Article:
THE BLOG

Sri Lankan Muslims Need Protection Due to Anti-Muslim Attacks

18/06/2014 14:04 BST | Updated 16/08/2014 10:59 BST

The hard-line group Bodu Bala Sena (BBS) have killed three Muslims and severely wounded more than 50 people in overnight attacks in the areas of Darga Nagar, Aluthgama and Beruwela, Sri Lanka.

Being a Sri Lankan Muslim myself, I feel strongly against the injustices of human rights that are prevalent in the country and fear for the wellbeing of my relatives and the whole Muslim community on the island.

It is apparent that there is insufficient human rights intervention or strategies from the Sri Lankan authorities to protect its Muslim citizens. Students fear travelling to school, businesses fear opening, mothers are left worried for their children and livelihoods are being destroyed with police watching the havoc in silence.

Sadly, there has been a long history of ethnic tensions in Sri Lanka and this has flared up once again, with several targeted attacks on Muslims over the past year by the BBS.

With the repeated riots against Muslims in Sri Lanka, it has become increasingly difficult for Muslims to live peacefully without the fear of widespread violence and an increased divide between the two sects.

More heart wrenching still are the increasing number of children and innocent victims being injured in these attacks.

Fathima Rizmiya, a resident of Aluthgama reported that her home was looted while her husband attended the mosque as she hid with her three small children in fear of being attacked.

Sithee Hameeda, a resident of Darga Nagar, one of the three towns attacked, said the mob broke into her home and stole jewellery and cash while her family hid in a room".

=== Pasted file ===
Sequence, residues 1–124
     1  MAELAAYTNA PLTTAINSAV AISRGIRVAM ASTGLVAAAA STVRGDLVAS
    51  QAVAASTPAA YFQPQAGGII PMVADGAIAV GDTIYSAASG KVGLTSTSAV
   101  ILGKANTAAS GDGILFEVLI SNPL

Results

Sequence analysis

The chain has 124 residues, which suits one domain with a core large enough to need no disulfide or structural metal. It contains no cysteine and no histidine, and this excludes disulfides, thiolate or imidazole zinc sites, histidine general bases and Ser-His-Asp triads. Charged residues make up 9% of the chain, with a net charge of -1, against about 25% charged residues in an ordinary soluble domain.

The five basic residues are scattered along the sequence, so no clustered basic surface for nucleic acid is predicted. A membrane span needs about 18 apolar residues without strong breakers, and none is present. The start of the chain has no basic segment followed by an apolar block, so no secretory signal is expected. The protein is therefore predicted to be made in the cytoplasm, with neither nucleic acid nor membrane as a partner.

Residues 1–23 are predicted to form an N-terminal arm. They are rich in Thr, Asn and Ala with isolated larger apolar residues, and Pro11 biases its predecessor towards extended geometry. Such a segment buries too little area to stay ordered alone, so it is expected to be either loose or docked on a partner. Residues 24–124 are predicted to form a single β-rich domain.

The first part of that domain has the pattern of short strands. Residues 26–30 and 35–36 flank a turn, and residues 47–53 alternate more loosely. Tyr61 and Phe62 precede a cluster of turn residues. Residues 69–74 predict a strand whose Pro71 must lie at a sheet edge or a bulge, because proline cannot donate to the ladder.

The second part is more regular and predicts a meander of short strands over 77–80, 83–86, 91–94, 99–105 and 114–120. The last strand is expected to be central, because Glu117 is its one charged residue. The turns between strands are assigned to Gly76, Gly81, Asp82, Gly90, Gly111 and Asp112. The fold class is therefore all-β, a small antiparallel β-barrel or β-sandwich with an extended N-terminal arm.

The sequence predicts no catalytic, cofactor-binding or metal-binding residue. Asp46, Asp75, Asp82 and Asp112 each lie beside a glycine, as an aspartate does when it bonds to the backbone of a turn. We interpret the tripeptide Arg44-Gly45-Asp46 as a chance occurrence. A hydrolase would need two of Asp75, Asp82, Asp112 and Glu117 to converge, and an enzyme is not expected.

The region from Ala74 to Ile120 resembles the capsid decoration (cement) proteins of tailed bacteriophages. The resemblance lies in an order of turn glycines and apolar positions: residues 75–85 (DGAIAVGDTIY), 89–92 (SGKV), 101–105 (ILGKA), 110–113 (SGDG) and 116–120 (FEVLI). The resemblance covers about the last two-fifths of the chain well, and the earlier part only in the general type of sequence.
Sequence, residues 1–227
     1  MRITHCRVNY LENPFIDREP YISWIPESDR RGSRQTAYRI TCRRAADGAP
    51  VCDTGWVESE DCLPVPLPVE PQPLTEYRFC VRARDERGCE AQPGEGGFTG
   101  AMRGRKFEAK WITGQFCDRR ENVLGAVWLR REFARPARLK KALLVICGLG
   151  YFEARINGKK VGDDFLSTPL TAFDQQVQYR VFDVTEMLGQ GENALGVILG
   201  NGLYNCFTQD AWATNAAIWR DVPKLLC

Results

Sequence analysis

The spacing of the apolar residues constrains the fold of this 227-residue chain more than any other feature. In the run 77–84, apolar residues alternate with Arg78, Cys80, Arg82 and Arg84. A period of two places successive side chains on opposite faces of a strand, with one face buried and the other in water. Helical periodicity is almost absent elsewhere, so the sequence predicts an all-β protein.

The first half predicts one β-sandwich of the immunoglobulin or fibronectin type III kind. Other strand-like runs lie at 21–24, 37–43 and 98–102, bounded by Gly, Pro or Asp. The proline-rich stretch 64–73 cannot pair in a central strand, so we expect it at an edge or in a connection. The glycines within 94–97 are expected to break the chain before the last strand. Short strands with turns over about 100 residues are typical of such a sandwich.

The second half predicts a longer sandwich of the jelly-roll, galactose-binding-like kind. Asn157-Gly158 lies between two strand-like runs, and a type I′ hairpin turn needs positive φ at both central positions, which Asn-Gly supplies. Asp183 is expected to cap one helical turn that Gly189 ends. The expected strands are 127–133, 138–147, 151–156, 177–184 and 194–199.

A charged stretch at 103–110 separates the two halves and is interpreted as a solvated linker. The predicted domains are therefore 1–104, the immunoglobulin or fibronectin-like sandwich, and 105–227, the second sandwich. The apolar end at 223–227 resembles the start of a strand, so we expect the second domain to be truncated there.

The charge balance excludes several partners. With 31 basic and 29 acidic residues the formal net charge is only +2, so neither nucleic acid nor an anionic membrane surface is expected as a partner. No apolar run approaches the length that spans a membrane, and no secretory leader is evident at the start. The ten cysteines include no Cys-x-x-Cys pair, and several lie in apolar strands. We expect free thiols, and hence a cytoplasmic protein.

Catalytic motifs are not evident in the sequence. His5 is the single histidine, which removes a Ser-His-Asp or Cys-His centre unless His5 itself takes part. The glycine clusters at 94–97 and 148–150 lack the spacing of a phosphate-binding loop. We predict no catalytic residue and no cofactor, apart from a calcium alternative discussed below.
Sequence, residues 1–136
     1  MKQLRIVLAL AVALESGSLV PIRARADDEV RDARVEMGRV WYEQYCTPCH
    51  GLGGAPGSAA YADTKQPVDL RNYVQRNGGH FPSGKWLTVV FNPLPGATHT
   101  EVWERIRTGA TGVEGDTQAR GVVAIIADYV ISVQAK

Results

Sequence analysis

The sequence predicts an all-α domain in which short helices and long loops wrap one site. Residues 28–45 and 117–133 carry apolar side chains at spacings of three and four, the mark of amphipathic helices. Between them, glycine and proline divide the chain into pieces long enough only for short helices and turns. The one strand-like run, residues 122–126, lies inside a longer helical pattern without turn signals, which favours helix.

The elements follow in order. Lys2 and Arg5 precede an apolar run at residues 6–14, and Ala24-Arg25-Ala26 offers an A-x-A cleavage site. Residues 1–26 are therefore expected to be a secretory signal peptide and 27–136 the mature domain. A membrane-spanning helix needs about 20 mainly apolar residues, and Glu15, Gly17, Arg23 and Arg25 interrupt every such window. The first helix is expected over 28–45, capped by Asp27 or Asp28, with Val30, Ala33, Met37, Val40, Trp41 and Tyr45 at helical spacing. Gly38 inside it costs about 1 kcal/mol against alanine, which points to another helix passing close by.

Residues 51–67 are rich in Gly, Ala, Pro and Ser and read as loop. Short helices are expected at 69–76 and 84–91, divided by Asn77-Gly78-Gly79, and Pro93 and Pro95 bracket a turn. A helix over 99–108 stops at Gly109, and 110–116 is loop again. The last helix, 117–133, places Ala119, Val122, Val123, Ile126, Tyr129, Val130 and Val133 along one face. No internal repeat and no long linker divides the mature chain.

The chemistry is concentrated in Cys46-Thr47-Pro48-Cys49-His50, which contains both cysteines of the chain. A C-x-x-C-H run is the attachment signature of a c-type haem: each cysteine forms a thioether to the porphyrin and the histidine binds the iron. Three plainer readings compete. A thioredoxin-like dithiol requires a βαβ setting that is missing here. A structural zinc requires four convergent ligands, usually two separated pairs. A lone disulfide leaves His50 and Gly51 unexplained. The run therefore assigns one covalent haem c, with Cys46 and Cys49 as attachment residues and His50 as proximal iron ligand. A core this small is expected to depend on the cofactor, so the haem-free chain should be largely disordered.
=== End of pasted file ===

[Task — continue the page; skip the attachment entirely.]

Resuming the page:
"Soon the house caught fire and we ran out because we could not stay with the smoke," she said. "We hid in the marsh and came back only after everything was over. Everything was destroyed we were left only with the wet clothes we were wearing."

The Justice Minister Rauf Hakeem has quite rightly reported that the Sri Lankan government has failed to protect its Muslim minority. Failed is an understatement. There needs to be more awareness of this issue in order to put pressure on the Sri Lankan government to ensure accountability against attacks on Muslims.

Highlighting the need for intervention is important because those who have suffered harm have a right to truth and justice. Are we going to wait till the inevitable happens and let violence and tensions deteriorate or shall we raise this issue and provide a platform for minority groups to be heard and pave the way forward to end the violation of human rights so that people can live in peace.